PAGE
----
## ACKNOWLEDGMENTS

D.B.W.-Y. and W.A.d.J. were supported by the Center for Scalable Predictive methods for Excitations and Correlated (SPEC) phenomena, which is funded by the U.S. Department of Energy (DoE), Office of Science, Office of Basic Energy Sciences, Division of Chemical Sciences, Geosciences and Biosciences as part of the Computational Chemical Sciences (CCS) program at Lawrence Berkeley National Laboratory under FWP No. 12553. N.M.T. acknowledges the support from NASA Ames Research Center. C.M.-Z. acknowledges the financial support from the European Research Council (ERC), under the European Union’s Horizon 2020 research and innovation program, Grant Agreement No. 692670 “FIRSTORM.” This research used resources of the National Energy Research Scientific Computing Center (NERSC), a U.S. Department of Energy Office of Science User Facility located at Lawrence Berkeley National Laboratory, operated under Contract No. DE-AC02-05CH11231 using NERSC Award No. BES-ERCAP-M3196. N.M.T. acknowledges funding from the NASA ARMD Transformational Tools and Technology (TTT) Project. Some calculations were performed as part of the XSEDE computational Project No. TG-MCA93S030 on Bridges-2 at the Pittsburgh supercomputer center.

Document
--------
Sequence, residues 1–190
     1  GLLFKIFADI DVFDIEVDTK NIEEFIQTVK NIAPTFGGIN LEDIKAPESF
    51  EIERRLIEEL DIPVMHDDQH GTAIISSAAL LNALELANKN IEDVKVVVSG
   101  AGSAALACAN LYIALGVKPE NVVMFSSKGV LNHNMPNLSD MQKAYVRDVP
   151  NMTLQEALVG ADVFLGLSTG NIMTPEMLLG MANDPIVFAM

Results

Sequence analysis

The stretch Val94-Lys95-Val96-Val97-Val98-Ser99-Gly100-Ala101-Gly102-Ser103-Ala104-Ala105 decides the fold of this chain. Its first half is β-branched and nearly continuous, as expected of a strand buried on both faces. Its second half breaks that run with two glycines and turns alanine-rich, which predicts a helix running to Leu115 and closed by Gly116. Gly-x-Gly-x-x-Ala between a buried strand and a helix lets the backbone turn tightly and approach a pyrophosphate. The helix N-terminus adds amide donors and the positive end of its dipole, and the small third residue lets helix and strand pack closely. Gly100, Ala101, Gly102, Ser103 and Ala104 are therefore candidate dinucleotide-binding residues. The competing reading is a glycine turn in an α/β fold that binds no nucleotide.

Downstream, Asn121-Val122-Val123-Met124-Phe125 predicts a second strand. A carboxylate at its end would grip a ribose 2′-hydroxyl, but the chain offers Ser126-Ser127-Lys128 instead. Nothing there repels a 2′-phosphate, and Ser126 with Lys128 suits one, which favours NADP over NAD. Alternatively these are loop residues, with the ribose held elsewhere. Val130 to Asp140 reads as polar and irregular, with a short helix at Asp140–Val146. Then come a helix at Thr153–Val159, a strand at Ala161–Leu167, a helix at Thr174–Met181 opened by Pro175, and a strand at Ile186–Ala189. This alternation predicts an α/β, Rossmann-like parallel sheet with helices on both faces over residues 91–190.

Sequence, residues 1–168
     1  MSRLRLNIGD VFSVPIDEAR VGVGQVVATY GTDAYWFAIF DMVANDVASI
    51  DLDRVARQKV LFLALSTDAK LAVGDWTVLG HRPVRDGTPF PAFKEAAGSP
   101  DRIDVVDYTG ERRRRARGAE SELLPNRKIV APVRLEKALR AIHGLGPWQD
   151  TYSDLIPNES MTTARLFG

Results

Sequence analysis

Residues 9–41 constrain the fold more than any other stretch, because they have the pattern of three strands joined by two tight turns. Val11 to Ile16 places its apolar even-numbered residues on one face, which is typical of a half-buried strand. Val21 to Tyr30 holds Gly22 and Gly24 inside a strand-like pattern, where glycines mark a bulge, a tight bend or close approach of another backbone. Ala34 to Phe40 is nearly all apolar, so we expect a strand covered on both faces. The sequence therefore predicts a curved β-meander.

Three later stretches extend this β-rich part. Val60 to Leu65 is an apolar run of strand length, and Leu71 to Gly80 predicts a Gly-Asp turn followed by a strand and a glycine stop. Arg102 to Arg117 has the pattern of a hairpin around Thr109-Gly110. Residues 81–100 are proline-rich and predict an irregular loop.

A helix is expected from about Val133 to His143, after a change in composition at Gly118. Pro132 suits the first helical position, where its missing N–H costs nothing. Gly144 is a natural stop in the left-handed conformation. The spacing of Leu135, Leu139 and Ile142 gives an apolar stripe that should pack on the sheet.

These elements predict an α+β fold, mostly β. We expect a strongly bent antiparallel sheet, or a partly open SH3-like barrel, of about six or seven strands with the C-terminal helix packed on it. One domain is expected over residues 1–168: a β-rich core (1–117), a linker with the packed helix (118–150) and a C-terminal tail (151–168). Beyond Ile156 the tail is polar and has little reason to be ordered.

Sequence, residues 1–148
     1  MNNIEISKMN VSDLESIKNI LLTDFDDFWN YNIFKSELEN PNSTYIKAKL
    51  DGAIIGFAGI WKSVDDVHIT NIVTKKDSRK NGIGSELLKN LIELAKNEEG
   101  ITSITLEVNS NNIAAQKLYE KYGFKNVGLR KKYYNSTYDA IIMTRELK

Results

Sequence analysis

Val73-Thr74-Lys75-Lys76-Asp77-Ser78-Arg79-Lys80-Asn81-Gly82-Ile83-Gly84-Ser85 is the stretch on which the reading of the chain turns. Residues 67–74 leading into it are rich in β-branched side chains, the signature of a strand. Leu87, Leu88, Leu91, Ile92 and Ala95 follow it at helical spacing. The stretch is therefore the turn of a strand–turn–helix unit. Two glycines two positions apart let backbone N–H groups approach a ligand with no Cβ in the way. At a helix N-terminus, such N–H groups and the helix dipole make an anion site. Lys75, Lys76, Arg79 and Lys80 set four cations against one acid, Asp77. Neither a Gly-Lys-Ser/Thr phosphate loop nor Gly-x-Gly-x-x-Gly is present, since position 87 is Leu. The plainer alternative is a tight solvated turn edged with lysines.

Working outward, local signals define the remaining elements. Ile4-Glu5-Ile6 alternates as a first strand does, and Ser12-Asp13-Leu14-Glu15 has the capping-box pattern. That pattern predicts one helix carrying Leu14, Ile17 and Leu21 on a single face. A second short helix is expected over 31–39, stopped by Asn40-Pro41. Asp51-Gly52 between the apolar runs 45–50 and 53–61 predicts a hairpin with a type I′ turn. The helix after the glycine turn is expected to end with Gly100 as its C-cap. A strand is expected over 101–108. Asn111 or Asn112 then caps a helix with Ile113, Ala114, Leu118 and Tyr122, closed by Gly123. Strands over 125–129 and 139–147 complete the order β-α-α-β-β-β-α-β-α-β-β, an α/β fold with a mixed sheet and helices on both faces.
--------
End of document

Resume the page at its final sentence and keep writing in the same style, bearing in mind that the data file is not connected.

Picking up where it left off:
## AUTHOR DECLARATIONS

### Conflict of Interest

The authors have no conflicts to disclose.

### Author Contributions

**David B. Williams-Young**: Conceptualization (equal); Formal analysis (equal); Investigation (equal); Methodology (equal); Software (equal); Validation (equal); Writing – original draft (equal); Writing – review & editing (equal). **Norm M. Tubman**: Conceptualization (equal); Formal analysis (equal); Investigation (equal); Methodology (equal); Software (equal); Validation (equal); Writing – original draft (equal); Writing – review & editing (equal). **Carlos Mejuto-Zaera**: Conceptualization (equal); Formal analysis (equal); Investigation (equal); Methodology (equal); Software (equal); Validation (equal); Writing – original draft (equal); Writing – review & editing (equal). **Wibe A. de Jong**: Conceptualization (equal); Formal analysis (equal); Funding acquisition (lead); Investigation (equal); Methodology (equal); Software (equal); Validation (equal); Writing – original draft (equal); Writing – review & editing (equal).

## DATA AVAILABILITY

The data that support the findings of this study are available within the article.